Wildy logo
(020) 7242 5778

Wildy’s Book News

Book News cover photo

Vol 22 No 11 Nov/Dec 2017

Book of the Month

Cover of The Law of Contract Damages

The Law of Contract Damages

Price: £100.00

Offers for Newly Called Barristers & Students

Special Discounts for Newly Called & Students

Read More ...

Secondhand & Out of Print

Browse Secondhand Online


Role of Customary Law in Sustainable Development

ISBN13: 9780521173421
Published: November 2010
Publisher: Cambridge University Press
Country of Publication: UK
Format: Paperback reissue
Price: £40.99
Hardback edition price on application, ISBN13 9780521859257

This is a Print On Demand Title.
The publisher will print a copy to fulfill your order. Books can take between 1 to 3 weeks. Looseleaf titles between 1 to 2 weeks.

For many nations, a key challenge is how to achieve sustainable development without a return to centralized planning. Using case studies from Greenland, Hawaii and northern Norway, this 2006 book examines whether ‘bottom-up’ systems such as customary law can play a critical role in achieving viable systems for managing natural resources. Customary law consists of underlying social norms that may become the acknowledged law of the land. The key to determining whether a custom constitutes customary law is whether the public acts as if the observance of the custom is legally obligated. While the use of customary law does not always produce sustainability, the study of customary methods of resource management can produce valuable insights into methods of managing resources in a sustainable way.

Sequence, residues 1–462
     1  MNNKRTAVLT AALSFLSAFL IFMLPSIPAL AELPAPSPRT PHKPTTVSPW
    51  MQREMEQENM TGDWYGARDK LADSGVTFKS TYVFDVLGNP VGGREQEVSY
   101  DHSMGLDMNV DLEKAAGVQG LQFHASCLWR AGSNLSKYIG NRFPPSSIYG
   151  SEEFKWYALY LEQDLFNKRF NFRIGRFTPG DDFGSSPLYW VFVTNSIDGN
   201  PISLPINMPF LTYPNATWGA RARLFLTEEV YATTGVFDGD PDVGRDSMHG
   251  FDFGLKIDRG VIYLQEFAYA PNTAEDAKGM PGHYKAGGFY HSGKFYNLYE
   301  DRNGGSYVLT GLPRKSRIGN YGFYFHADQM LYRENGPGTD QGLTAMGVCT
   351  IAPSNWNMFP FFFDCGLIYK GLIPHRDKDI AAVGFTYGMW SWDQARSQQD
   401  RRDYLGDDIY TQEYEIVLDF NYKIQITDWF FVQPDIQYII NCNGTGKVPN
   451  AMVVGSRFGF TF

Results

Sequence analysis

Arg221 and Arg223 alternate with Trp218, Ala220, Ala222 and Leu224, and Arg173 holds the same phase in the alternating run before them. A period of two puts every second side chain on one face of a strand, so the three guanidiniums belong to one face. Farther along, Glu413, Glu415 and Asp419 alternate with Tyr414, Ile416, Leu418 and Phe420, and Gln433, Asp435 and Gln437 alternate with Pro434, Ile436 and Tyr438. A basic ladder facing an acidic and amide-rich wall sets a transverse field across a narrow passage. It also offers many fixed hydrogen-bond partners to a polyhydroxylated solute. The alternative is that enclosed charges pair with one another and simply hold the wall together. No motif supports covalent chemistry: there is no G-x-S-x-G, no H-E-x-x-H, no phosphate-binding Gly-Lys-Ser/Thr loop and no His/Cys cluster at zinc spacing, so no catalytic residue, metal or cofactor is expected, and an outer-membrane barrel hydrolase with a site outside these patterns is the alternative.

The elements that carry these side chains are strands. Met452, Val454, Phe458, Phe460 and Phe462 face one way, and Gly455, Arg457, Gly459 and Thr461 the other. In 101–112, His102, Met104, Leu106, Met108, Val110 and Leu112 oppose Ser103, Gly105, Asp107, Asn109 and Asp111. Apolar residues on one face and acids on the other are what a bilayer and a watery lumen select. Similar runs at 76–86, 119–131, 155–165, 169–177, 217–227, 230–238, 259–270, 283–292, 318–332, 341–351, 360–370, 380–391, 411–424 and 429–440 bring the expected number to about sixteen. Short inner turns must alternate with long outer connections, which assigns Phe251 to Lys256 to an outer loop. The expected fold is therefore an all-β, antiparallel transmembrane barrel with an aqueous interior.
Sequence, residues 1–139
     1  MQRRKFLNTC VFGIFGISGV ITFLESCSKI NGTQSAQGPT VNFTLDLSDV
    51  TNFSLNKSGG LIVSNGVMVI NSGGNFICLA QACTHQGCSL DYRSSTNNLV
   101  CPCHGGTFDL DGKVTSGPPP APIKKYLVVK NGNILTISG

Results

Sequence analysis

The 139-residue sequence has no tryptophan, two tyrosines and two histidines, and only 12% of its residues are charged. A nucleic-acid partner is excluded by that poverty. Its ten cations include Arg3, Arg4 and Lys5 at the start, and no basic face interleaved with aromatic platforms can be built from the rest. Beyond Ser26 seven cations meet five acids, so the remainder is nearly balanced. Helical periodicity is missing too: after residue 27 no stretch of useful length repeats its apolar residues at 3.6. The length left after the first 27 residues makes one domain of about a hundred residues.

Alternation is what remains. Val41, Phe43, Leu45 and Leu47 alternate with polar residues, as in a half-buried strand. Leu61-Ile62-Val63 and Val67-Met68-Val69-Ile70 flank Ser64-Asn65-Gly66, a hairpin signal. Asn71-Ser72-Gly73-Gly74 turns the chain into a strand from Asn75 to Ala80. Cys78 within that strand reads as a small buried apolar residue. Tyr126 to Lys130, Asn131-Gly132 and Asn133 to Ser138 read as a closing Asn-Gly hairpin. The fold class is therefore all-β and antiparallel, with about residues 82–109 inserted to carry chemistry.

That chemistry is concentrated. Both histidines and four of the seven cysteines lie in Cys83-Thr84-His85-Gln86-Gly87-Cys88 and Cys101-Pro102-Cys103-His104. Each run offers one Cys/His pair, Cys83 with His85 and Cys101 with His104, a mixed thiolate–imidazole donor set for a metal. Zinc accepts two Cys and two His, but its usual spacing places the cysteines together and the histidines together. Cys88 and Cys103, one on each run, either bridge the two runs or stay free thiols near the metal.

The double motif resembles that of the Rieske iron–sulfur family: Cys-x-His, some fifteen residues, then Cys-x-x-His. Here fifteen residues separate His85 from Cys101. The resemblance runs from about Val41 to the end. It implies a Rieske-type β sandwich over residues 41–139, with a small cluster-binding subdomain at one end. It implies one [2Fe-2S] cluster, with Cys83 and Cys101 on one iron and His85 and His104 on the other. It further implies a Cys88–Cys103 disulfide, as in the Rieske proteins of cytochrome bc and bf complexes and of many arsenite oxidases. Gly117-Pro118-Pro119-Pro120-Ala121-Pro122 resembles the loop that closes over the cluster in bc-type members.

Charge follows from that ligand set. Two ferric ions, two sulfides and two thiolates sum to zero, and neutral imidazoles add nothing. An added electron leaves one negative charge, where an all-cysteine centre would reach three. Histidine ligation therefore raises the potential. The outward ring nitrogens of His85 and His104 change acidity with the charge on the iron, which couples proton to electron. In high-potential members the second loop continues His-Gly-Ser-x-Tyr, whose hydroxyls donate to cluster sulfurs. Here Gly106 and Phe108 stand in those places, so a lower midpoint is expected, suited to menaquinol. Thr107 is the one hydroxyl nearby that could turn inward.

Environmental Law
1. The linkage between sustainable development and customary law
2. Three case studies from Hawaii, Norway and Greenland
3. Social interaction: the foundation of customary law
4. How custom becomes law in England
5. How custom becomes law in Norway
6. Adaptive resource management through customary law
7. The place of customary law in democratic societies
8. Customary law, sustainable development and the failing state
9. Towards sustainability: the basis in international law
10. The case studies revisited
11. The choice of customary law
12. Conclusion: customary law in a globalizing culture.